Google’s plan to limit third-party data tracking in its Chrome browser will now also extend to apps on smartphones using the Android operating system.
The tech giant’s announcement has left the market with the impression that its “conduct will once again leave it with exclusive control over the monetisation of media owner properties and apps on Android,” according to the Movement for an Open Web [MOW] group whose members include publishers and advertisers.
Google said last week it is extending its Privacy Sandbox project to ditch third-party cookies on Android, meaning “more private advertising solutions”.
“Specifically, these solutions will limit sharing of user data with third parties and operate without cross-app identifiers, including advertising ID,” Anthony Chavez, Google’s VP for product management, Android security and privacy, said.
“We’re also exploring technologies that reduce the potential for covert data collection, including safer ways for apps to integrate with advertising SDKs [software development kits].”
Android is by far the biggest mobile operating system in the world, with a 70% market share compared to 29% for Apple’s iOS, according to Stat Counter.
Last month Google revealed its latest Privacy Sandbox proposal would be interest-based advertising system Topics, replacing the Federation Learning of Cohorts (FLoC) proposal which would have clustered users into groups.
It was met with a mixed response. MOW director James Rosewell said it was very similar to FLoC and was “another attempt to force [publishers] to use the Google walled garden.” Other ad executives felt it was a “step in the right direction” but lacked the necessary audience data for publishers.
MOW said the Android announcement “reinforces the threat” inherent in removing third-party cookies “while there is still no viable alternative”.
The Android changes, which will not come into effect for at least two years, come after Apple introduced its App Tracking Transparency update requiring app publishers to ask users’ permission to track them across other apps and websites. It means consumers can now totally opt out of sharing their data with apps.
Facebook owner Meta said Apple’s changes mean it will lose about $10bn in ad revenue this year because its business model relies so heavily on digital advertising – as do many news publishers.
However Google appeared to pledge it would try to avoid impacting ad-based businesses in the same sweeping way.
Chavez said: “We realise that other platforms have taken a different approach to ads privacy, bluntly restricting existing technologies used by developers and advertisers.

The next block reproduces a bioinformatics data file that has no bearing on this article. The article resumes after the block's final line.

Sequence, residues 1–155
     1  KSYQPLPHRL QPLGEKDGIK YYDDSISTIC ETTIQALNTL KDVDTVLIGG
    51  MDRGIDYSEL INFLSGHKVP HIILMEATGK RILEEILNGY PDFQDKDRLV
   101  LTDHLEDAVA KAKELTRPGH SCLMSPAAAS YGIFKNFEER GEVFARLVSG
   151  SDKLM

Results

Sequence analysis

“We believe that — without first providing a privacy-preserving alternative path — such approaches can be ineffective and lead to worse outcomes for user privacy and developer businesses.”
Earlier this month Google agreed to give the UK’s Competition and Markets Authority the final say before it turns off third-party cookies, with a “standstill period” of 60 days built in for a final assessment of the threat to the market.
The legally binding commitments also “provide for scrutiny and oversight by the CMA over implementation of, and announcements relating to, Google’s Privacy Sandbox proposals,” Google’s offer stated.
MOW also noted that the CMA said in November it was “concerned that the announcements of the Privacy Sandbox Proposals have caused uncertainty in the market as to the specific alternative solutions which will be available to publishers and ad tech providers once TPCs [third-party cookies] are deprecated”.
MOW said the Android announcement “creates the very uncertainty the settlement agreement prohibits” and criticised the CMA for either not foreseeing this effect or for allowing it to happen.
“Google’s Android Sandbox announcement has seemingly already undermined the CMA’s position and Google’s commitments,” the group of publishers and advertisers added.
A CMA spokesperson told Press Gazette in response: “We have had regular and constructive communication with Google throughout our investigation and were fully aware of their intention to apply the Google Sandbox commitments to their Android platforms.
“As we have previously said we will monitor this closely and continue to engage with Google and other market participants on the nature and detail of the proposals. We look forward to engaging constructively with Movement for an Open Web and others as part of that process.”
Picture: Justin Sullivan/Getty Images
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